Scotland can experience harsh and changeable weather, with fog, rain, and snow being particularly common. It’s important to be aware of the weather conditions when driving in Scotland and to take extra care in poor visibility or adverse weather. In fog, reduce your speed and use your headlights or fog lights to help you see the road ahead. In rain, be prepared for slippery roads and take extra care when braking or turning. If you are driving in snow or ice, be sure to use winter tires or all-season tires, and reduce your speed to account for the reduced traction. It’s also a good idea to keep an emergency kit in your vehicle, in case you get stranded due to adverse weather. By taking extra care in fog, rain, and snow, you can help ensure your safety and the safety of other road users.

Use your headlights

car on snow during daytime

It’s a good idea to use your headlights at all times when driving in Scotland, even during the day, to make your vehicle more visible to other road users. Headlights not only help you see the road ahead, but they also help other drivers see you, which can help prevent accidents. In addition to using your headlights, it’s also a good idea to use your turn signals when changing lanes or turning, to let other road users know what you are doing. By using your headlights and turn signals, you can help improve the safety of your journey and reduce the risk of accidents.

Driving a Motorhome for the first time

Garmin Motorhome Satnav

If you are driving a motorhome for the first time, or if you are not used to driving in Scotland, a GPS device can be a useful tool to help you navigate. A GPS device can provide turn-by-turn directions, alert you to potential hazards, and help you find your way to your destination. Many rental companies offer GPS devices as an optional extra when you hire a motorhome, but you can also purchase your own GPS device or use a smartphone app. If you do use a GPS device, be sure to follow the directions carefully and pay attention to any warnings or alerts. Remember, a GPS device is not a substitute for your own judgment, plan and know your route beforehand using a map, and it’s important to use common sense and follow the rules of the road when driving.

Planning to stay overnight

Wild camping, or camping on unoccupied land without the landowner’s permission, is generally not allowed in Scotland. If you are planning to stay overnight in your motorhome, it’s important to look for campsites or designated motorhome parking areas (aires/stopovers) rather than attempting to wild camp. There are many campsites and motorhome parks available throughout Scotland, offering a range of facilities and services. Some campsites may have restrictions on the size or type of vehicle that can stay overnight, so it’s a good idea to check the campsite’s policies before booking. In addition to campsites, there are also many designated motorhome parking areas available, which offer overnight parking for a fee. These areas are generally well-maintained and offer basic facilities, such as waste and water disposal. By staying at a campsite or designated motorhome parking area, you can help protect Scotland’s natural beauty and respect the rights of landowners. Phone Apps that can help with this, Park4night, Search4sites. There are also many Facebook Groups that cater for stopover/parkups.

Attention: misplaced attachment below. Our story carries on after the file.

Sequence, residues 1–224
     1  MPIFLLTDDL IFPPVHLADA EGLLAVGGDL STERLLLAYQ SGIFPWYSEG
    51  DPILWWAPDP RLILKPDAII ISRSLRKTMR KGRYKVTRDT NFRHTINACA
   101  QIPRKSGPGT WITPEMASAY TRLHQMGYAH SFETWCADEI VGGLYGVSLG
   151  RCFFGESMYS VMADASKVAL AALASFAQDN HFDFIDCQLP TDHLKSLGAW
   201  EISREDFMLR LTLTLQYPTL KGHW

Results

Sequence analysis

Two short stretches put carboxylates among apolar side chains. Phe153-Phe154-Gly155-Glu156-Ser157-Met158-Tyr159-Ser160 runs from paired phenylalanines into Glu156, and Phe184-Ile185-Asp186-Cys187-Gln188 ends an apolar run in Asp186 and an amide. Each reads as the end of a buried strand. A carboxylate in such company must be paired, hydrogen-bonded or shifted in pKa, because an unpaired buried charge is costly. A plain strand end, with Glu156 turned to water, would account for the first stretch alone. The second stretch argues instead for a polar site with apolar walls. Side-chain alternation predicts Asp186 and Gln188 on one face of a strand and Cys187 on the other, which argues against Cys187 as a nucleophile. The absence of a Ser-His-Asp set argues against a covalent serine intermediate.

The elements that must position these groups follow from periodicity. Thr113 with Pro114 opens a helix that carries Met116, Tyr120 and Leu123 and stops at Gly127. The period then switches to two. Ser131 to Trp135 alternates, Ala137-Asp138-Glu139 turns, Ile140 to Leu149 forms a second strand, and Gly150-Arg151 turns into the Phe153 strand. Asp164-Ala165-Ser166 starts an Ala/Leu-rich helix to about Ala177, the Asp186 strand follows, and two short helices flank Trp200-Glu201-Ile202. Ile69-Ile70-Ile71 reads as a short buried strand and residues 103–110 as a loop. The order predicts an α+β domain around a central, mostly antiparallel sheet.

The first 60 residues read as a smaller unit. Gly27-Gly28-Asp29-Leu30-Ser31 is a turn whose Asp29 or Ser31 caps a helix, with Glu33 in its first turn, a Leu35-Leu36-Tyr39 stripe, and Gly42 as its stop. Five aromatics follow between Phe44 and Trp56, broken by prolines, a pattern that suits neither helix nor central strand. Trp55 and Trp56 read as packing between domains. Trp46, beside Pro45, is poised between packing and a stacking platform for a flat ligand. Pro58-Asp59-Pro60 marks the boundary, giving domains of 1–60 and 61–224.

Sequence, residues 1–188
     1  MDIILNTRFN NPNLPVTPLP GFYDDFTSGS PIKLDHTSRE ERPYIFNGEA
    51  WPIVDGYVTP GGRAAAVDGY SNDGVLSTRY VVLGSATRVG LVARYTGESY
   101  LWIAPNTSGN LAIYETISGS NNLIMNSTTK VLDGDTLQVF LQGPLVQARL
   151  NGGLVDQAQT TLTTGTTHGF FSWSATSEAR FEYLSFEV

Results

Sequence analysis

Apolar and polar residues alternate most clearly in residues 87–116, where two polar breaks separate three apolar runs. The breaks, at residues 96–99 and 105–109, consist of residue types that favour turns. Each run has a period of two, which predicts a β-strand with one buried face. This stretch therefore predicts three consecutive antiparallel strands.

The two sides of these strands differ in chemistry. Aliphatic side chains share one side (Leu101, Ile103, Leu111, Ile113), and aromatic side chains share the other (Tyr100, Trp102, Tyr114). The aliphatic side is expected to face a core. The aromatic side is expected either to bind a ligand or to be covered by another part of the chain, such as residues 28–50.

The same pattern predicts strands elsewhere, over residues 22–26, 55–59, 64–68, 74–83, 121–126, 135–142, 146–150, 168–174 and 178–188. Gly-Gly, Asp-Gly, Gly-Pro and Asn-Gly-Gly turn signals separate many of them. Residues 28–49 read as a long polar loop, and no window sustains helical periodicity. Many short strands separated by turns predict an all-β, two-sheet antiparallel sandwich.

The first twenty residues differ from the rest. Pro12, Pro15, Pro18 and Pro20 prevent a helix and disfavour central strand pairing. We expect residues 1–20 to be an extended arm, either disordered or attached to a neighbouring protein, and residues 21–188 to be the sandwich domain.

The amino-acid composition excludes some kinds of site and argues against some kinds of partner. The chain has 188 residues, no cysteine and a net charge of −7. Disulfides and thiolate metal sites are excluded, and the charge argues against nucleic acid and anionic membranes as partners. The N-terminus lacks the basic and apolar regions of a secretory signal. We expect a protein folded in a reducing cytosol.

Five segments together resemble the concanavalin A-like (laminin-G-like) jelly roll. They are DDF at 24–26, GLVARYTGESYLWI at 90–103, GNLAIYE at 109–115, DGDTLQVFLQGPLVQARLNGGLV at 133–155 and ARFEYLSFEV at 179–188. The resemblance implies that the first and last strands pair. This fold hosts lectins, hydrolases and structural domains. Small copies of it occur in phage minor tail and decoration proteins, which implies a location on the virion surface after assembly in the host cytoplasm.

Hiring a motorhome

Open Road Scotland
There are numerous hire companies in Scotland, (we recommend Open Road Scotland Based at Glasgow Airport) check their reviews to see what experience previous hirers have had. It’s important to read the terms and conditions of the rental agreement carefully when hiring a motorhome, as some rental companies may have restrictions on where you are allowed to drive the vehicle. For example, some rental companies may prohibit driving on certain types of roads, such as off-road tracks or unmade roads, due to the potential for damage to the vehicle. If you are planning to drive on these types of roads, it’s a good idea to check the rental agreement before setting off to ensure that you are not in violation of the terms of your rental. In addition to road restrictions, the rental agreement may also have other terms and conditions that you need to be aware of, such as restrictions on the number of miles you can drive, or rules about smoking or pets in the vehicle. By reading the terms and conditions of the rental agreement carefully, you can help ensure that you are aware of any restrictions or obligations that apply to your rental.